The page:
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Article | May 27, 2010
Beverage 'bottle can' wins DuPont Diamond Award
A multifaceted, game-changing technology for aluminum bottles has been aptly named a Diamond award winner for Excellence in Innovation, Cost/Waste Reduction, and Sustainability.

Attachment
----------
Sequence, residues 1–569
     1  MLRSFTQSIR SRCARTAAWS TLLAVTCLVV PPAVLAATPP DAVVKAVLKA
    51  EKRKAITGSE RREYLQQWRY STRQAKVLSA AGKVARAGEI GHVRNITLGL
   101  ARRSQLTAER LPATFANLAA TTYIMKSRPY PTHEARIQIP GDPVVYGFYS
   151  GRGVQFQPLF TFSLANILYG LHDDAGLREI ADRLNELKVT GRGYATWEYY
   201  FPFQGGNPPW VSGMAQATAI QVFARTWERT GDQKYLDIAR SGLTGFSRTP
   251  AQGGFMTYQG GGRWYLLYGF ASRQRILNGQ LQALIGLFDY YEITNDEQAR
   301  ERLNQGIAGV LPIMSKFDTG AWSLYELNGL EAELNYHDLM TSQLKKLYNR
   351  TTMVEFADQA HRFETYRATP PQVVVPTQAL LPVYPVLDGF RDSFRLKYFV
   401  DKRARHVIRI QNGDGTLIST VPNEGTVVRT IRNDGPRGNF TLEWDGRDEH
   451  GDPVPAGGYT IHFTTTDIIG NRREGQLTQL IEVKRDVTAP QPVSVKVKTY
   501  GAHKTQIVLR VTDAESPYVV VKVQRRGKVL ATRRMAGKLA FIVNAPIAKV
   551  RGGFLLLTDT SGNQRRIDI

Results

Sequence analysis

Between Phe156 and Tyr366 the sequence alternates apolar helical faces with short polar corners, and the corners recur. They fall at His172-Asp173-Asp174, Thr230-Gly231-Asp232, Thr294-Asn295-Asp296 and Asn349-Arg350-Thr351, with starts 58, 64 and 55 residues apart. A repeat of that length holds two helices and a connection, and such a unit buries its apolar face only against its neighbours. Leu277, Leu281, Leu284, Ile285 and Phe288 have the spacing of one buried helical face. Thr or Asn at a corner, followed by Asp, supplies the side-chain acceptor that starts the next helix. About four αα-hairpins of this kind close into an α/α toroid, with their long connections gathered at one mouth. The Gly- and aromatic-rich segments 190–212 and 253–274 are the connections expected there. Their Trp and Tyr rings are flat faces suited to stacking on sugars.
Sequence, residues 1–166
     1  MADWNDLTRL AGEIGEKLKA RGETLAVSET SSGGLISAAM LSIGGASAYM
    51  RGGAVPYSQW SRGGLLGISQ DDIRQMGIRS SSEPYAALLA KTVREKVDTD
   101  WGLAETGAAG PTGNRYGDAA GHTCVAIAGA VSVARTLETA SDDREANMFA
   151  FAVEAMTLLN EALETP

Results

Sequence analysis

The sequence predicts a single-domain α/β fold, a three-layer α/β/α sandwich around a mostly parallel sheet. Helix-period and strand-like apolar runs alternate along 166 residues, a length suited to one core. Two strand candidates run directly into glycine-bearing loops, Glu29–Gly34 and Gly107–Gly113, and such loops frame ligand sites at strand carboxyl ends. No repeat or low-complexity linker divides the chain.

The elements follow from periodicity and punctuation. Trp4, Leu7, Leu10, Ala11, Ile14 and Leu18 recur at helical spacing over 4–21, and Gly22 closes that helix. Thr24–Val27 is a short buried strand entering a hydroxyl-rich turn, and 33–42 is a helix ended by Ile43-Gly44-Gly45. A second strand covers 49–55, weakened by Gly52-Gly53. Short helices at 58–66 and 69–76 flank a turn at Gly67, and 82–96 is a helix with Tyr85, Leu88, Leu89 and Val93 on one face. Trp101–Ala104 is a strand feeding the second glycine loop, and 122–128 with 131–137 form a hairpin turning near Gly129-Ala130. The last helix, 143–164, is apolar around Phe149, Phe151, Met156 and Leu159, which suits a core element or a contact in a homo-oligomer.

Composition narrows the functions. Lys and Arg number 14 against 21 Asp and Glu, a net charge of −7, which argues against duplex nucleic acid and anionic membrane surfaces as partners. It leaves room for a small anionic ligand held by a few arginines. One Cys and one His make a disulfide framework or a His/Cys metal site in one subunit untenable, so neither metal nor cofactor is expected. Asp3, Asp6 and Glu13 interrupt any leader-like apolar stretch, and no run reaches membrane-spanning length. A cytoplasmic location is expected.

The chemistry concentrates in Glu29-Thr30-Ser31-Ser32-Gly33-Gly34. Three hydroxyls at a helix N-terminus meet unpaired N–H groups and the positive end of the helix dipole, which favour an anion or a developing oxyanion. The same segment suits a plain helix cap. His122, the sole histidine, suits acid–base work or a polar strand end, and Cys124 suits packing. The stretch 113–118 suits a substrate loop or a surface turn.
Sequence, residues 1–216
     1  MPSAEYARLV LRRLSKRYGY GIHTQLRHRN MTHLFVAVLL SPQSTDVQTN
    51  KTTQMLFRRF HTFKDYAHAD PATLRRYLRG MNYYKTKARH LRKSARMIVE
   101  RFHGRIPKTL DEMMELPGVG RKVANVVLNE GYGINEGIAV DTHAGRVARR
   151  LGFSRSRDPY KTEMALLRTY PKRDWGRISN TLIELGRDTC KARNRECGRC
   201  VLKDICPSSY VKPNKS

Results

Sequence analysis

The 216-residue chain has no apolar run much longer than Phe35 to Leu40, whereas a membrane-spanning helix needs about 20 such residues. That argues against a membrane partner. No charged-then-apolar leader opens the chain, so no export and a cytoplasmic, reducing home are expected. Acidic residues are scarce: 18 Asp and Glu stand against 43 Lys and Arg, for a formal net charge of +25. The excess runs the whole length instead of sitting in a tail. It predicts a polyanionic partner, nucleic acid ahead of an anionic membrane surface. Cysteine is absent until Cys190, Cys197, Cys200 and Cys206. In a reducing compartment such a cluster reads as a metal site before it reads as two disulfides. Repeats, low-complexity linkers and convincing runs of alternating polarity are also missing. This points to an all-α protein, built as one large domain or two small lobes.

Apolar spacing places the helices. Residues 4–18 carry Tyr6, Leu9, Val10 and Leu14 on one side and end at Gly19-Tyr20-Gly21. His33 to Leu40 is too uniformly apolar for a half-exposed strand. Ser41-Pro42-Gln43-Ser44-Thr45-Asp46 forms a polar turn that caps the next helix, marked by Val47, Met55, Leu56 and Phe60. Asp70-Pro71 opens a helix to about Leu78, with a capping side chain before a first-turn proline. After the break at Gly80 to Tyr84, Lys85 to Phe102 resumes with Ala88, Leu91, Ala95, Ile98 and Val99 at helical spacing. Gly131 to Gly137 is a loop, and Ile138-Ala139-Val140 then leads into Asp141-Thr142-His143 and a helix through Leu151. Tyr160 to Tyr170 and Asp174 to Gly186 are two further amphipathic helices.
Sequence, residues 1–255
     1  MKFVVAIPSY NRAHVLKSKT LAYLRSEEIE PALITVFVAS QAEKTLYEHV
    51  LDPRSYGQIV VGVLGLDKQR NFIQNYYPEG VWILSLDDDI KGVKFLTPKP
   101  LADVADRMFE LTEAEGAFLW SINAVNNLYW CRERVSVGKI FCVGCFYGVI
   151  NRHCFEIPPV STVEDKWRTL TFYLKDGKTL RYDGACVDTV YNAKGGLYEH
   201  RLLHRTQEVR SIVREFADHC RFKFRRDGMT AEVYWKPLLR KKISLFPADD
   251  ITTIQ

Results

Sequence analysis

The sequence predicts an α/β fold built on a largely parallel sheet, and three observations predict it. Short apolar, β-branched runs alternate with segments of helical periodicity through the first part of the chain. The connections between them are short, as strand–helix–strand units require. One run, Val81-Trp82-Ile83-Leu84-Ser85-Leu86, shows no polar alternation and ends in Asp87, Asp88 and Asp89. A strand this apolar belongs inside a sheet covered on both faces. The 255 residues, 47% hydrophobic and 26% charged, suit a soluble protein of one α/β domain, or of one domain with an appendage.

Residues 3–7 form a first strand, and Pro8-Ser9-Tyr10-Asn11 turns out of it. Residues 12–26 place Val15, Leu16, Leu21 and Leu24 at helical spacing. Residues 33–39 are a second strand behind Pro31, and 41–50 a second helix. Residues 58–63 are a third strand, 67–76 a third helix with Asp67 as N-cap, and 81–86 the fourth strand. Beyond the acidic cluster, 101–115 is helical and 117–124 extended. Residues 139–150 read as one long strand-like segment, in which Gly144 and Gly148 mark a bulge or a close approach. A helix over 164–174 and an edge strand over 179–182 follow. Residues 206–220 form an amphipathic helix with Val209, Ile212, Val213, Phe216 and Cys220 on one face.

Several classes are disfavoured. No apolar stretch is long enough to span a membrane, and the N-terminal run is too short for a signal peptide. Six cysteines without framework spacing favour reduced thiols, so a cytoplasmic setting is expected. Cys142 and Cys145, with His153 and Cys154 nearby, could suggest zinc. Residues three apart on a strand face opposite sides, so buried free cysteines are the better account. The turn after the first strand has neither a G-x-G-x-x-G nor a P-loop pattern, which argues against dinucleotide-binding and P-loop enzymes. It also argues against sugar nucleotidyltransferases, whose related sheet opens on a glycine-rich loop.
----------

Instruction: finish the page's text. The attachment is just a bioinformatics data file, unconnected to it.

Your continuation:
New Coil-to-Can (C2C) technology from Exal Corp. and Alcoa Rigid Packaging allows for the manufacture of eye-catching, resealable, shaped aluminum bottles at substantially higher line speeds and with 30% to 40% less weight than previously achievable, making them a viable option for higher-volume beverage applications (see packworld.com/article-28201). “The marketing world loves the aluminum bottle,” says Ed Martin, business development manager for bottle manufacturer Exal. “A lot of people like what you can do graphically, as well as with shaping. But from the standpoint of cost and sustainability, there are some challenges to the bottles because of the way they have been made using impact extrusion.” C2C is a hybrid technology developed by Exal through an investment of eight years and many millions of dollars that combines the speed of traditional canmaking with the shaping abilities of the aluminum-bottle impact extrusion [IE] process. For enhanced sustainability, C2C also allows the bottles to be made from up to 65% post-consumer recycled aluminum alloy, compared with the 99.7% pure virgin aluminum required for IE. Alcoa supplies the raw-material aluminum coil used to make the container.Among the markets in which Exal sees the greatest potential for C2C packaging are wine, functional or wellness beverages, water, carbonated soft drinks, and beer. Early adapters include Eska Vives Water, Inc., with its Eska still and sparkling water varieties (see packworld.com/article-28203), and The Coca-Cola Co., which launched an 8.5-oz custom C2C bottle in fall 2009 for its Coca-Cola classic, Coke Zero, and Diet Coke brands. C2C combines traditional drawn and wall-ironed (DWI) canmaking technology on the front end with IE shaping capabilities on the back end, using a custom-designed 32-station, double-turret continuous necking machine from Frattini S.p.A. The necking machine, commissioned by Exal expressly for C2C, is engineered to handle the less-malleable materials used for DWI cans at speeds up to 3,000 bottles/min—a significant increase in speed from the 200 bottles/min produced with traditional IE technology. Exal is optimistic about the potential for the new technology. Says Martin, “The future is largely C2C. In terms of dollars and units, it’s going to be largely the coil-to-can type containers that will drive the aluminum beverage-bottle market.”
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